This was not an outlook that Bill Gates embraced.
After he and Paul Allen had completed their BASIC interpreter for the Altair,
Gates was appalled that members of the Homebrew were making copies of it and sharing it without paying him.
So he wrote what would become a famous letter to the club:
"As the majority of hobbyists must be aware, most of you steal your software.
Is this fair? . . .
One thing you do is prevent good software from being written.
Who can afford to do professional work for nothing?
I would appreciate letters from anyone who wants to pay up."
Steve Jobs, similarly, did not embrace the notion that Wozniak's creations, be it a Blue Box or a computer, wanted to be free.
So he convinced Wozniak to stop giving away copies of his schematics.
Most people didn't have time to build it themselves anyway, Jobs argued.
"Why don't we build and sell printed circuit boards to them?"
It was an example of their symbiosis.
"Every time I'd design something great, Steve would find a way to make money for us," said Wozniak.
Wozniak admitted that he would have never thought of doing that on his own.
"It never crossed my mind to sell computers.
It was Steve who said, 'Let's hold them in the air and sell a few.'"
Jobs worked out a plan to pay a guy he knew at Atari to draw the circuit boards and then print up fifty or so.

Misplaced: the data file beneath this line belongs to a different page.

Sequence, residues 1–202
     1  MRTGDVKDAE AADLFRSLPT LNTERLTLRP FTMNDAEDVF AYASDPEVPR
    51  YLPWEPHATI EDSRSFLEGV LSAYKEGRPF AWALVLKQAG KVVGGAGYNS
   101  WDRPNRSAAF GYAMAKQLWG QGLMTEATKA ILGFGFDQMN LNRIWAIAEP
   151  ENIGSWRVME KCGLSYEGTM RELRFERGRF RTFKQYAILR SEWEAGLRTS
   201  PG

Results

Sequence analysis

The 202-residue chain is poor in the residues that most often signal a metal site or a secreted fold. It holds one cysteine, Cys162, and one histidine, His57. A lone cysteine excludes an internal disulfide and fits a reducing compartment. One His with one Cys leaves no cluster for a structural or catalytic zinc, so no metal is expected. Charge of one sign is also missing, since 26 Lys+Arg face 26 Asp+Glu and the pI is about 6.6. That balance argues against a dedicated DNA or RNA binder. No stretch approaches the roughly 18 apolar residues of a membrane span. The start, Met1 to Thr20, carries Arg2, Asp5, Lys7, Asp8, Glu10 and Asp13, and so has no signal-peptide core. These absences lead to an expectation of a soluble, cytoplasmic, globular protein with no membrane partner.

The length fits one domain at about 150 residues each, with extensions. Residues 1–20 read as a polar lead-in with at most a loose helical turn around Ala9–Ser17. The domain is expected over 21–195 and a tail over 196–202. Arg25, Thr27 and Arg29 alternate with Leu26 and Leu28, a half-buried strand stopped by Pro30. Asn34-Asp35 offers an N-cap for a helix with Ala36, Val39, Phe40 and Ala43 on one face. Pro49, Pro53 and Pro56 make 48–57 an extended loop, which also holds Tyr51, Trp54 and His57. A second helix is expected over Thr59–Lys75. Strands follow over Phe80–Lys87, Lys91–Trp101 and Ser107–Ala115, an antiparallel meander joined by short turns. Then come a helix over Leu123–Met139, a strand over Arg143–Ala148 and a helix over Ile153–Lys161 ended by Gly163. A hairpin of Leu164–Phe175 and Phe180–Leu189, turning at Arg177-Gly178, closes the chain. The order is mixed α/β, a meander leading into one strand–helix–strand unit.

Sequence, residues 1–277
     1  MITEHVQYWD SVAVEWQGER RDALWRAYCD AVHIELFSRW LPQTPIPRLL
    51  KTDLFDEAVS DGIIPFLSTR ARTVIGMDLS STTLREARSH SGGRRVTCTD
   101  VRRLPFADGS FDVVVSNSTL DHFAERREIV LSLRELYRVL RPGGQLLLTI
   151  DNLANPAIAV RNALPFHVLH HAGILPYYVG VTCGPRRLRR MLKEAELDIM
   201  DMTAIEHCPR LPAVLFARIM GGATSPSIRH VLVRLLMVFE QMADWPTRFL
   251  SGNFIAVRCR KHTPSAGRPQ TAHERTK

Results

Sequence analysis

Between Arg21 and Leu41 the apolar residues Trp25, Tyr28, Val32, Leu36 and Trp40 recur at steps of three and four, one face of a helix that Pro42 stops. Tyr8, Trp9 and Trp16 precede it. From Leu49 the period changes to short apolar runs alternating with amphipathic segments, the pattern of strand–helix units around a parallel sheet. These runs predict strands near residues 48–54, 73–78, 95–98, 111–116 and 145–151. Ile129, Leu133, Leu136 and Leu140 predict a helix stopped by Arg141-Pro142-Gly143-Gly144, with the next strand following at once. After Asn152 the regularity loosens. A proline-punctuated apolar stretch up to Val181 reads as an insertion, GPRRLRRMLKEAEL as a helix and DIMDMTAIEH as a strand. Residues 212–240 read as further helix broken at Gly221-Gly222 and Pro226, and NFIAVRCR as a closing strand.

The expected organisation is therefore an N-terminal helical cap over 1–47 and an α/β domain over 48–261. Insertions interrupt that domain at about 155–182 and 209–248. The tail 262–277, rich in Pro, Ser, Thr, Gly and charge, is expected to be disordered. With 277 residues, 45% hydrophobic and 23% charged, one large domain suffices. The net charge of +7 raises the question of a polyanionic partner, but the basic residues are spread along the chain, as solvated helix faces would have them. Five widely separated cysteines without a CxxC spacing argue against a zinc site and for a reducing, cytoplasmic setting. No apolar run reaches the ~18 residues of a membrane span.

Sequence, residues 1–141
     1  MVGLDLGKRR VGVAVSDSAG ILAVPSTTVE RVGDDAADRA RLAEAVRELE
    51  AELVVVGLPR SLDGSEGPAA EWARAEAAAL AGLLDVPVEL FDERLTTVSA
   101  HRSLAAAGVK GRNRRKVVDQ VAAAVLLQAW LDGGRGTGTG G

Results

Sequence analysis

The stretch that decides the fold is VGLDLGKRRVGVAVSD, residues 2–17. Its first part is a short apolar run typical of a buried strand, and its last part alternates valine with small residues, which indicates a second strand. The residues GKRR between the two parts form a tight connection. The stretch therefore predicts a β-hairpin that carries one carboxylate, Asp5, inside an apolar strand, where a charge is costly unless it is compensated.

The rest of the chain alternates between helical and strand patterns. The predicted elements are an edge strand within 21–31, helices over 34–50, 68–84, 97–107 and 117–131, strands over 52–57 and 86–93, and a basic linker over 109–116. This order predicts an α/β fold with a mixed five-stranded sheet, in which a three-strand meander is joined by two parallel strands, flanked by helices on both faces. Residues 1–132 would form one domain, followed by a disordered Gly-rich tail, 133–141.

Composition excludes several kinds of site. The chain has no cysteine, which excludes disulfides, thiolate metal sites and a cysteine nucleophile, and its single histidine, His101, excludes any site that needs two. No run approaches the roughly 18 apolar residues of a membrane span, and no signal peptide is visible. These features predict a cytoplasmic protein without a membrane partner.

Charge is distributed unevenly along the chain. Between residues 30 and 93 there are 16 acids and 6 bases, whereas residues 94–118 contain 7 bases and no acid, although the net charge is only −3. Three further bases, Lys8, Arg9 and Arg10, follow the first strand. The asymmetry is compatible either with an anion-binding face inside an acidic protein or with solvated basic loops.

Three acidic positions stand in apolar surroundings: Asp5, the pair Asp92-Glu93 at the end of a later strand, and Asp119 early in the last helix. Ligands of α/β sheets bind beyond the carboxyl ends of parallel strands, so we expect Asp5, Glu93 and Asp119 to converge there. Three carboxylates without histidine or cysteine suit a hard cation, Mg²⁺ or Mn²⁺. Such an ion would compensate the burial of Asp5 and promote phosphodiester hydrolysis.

That would cost about $1,000, plus the fee to the designer.
They could sell them for $40 apiece and perhaps clear a profit of $700.
Wozniak was dubious that they could sell them all.
"I didn't see how we would make our money back," he recalled.
He was already in trouble with his landlord for bouncing checks and now had to pay each month in cash.
Jobs knew how to appeal to Wozniak.
He didn't argue that they were sure to make money, but instead that they would have a fun adventure.
"Even if we lose our money, we'll have a company," said Jobs as they were driving in his Volkswagen bus.
"For once in our lives, we'll have a company."
This was enticing to Wozniak, even more than any prospect of getting rich.
He recalled, "I was excited to think about us like that.
To be two best friends starting a company.
Wow. I knew right then that I'd do it. How could I not?"
In order to raise the money they needed, Wozniak sold his HP 65 calculator for $500,
though the buyer ended up stiffing him for half of that.
For his part, Jobs sold his Volkswagen bus for $1,500.
But the person who bought it came to find him two weeks later and said the engine had broken down,
and Jobs agreed to pay for half of the repairs.
Despite these little setbacks, they now had, with their own small savings thrown in,
about $1,300 in working capital, the design for a product, and a plan.
They would start their own computer company.
1.the majority of 大部分；大多数的
例句：However, the majority of children even do not know Jade Emperor and Dragon King.
2.pay up 全部付清；付款；付清全部欠款
例句：Popcorn and sausage dinners notwithstanding, some Americans remain willing to pay up for a healthier diet.
3.make money for 为...挣钱
例句：The poor mother worked day and night to make money for the sake of her sick daughter.
4.thrown in 投入；发边界球；注入；插入
例句：Quantitative baits can be thrown in the sea once to keep the effect of the baits for a long time, and frequent replacement is omitted.